Although the two were created out of different circumstances, the end result seriously effected the banking and financial industries of both countries. For Mexico, 1994 was a complete financial meltdown. The peso de-valued, many of the banks needed to be bailed out, and credit dried up, literally for years. In 2008, for the USA, the dollar has so far remained strong, but the banking industry is suffering and the availability of credit has become very tight. Hopefully it will not effect the country like it did Mexico, in that credit availability from banks did not appear again for nearly a decade.
But two good things came out of this. One is that businesses and households learned to function without credit, which isn’t such a bad thing. When people ask me while so many homes in Mexico are partially finished, with rebarb sticking out of the top floor and the roof unfinished, I tell them that’s what happens when there’s no credit. People build when money is available. However, the end result is they have a home that is completely paid for. It may not be anything fancy, but its 100% theirs. Most households in Mexico do not carry a lot of debt. As a small business owner, I learned to function without credit. If you wanted to start any major endeavor, you first had to have the funds to do so or do it carefully through cash flow. And, since they were your funds, you tend to be more careful with how they were spent. As with Mexican households, most Mexican small businesses also carry little debt. These are positive aspects of what its like living without the availability of credit. Perhaps the USA needs to go through a similar adjustment – less credit and more savings.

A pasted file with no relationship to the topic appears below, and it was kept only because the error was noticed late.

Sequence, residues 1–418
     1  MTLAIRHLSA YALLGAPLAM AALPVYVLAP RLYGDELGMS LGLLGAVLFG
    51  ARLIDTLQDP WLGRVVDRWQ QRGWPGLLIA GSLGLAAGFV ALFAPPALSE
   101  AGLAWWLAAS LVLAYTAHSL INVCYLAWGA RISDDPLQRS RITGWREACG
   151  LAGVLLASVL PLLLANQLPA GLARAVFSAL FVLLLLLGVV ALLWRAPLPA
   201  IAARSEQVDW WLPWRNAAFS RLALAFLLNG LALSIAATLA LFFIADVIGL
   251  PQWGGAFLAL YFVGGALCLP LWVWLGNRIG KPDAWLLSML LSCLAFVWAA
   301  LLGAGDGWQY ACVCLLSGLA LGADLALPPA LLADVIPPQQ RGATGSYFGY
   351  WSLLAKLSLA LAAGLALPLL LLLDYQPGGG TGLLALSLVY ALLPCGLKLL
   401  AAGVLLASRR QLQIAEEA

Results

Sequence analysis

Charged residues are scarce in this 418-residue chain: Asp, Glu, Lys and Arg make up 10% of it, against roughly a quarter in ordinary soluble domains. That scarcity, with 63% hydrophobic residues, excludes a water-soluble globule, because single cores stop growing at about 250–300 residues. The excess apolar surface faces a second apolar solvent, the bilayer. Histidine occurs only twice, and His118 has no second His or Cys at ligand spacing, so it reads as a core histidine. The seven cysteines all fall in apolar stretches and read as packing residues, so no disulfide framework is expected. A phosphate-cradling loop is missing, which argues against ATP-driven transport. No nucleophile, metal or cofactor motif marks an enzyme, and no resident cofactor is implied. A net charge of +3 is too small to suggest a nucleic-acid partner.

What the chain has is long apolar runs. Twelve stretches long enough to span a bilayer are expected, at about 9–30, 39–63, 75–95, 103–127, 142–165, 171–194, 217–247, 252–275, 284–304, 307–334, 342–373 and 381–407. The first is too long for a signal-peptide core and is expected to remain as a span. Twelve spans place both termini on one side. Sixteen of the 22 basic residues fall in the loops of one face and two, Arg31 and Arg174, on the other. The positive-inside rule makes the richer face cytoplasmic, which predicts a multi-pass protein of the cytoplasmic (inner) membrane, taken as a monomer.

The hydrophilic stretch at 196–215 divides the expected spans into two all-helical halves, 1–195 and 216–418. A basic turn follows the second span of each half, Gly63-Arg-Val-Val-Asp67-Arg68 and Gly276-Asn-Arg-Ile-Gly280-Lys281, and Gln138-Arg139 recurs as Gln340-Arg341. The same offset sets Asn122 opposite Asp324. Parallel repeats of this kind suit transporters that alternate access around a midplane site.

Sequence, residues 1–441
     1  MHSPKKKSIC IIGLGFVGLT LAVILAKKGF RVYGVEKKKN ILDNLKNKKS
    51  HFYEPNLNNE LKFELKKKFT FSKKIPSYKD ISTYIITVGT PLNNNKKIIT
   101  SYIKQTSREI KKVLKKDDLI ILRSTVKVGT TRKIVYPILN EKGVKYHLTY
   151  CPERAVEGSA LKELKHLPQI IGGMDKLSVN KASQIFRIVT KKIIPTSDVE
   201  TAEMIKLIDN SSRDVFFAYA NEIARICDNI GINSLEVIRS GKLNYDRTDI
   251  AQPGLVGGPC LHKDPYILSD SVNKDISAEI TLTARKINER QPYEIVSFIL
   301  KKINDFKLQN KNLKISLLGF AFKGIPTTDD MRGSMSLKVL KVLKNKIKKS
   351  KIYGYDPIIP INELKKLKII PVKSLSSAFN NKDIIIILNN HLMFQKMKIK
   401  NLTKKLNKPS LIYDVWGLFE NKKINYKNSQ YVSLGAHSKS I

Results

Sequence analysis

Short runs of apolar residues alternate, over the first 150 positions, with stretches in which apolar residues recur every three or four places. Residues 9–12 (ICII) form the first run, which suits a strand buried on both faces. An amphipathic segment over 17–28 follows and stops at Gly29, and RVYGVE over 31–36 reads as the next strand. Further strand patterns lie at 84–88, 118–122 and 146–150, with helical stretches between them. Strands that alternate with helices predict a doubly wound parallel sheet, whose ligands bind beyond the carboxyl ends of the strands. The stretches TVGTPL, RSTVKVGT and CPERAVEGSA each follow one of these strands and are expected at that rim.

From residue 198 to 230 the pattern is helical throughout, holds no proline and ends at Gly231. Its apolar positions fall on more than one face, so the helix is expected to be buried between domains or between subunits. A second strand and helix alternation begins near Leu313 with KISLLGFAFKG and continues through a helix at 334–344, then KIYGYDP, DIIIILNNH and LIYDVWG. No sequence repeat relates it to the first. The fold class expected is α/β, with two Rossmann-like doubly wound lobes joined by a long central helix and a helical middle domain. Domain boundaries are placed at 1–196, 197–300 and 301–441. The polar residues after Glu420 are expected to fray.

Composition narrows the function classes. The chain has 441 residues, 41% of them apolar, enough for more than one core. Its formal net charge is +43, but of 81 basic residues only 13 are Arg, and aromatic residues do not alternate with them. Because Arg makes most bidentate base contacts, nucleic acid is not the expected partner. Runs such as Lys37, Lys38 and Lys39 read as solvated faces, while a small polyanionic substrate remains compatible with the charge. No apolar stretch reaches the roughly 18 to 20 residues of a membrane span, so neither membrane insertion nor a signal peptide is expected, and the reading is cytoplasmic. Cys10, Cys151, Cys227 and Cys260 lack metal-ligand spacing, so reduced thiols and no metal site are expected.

Mexico was fortunate enough to have the USA, especially with the assistance of Bill Clinton, to obtain the funds they needed to get them through their 1994 crisis. Clinton lent Mexico $50 billion dollars, of which Mexico paid back in full and ahead of their payment schedule. Mexico was probably also fortunate that the person who became president in late 1994, Ernesto Zedillo, had his doctorate in economics. His policies, or those put into place for the banking industry to ensure this type of crisis would not happen again, have given Mexico some of the strongest bank regulations in the world, and Mexico has managed to avoid what is currently financially ailing many other countries. Perhaps Mr. Zedillo would be available to provide expertise to the next American president!
Another interesting aspect is that these “crisis” are not as big of a deal in Mexico, as Mexicans have lived with these “crisis” for years. For Mexico, they are timely, they take place every six years when a new president takes power. Most Mexicans have grown up just expecting these type of situations!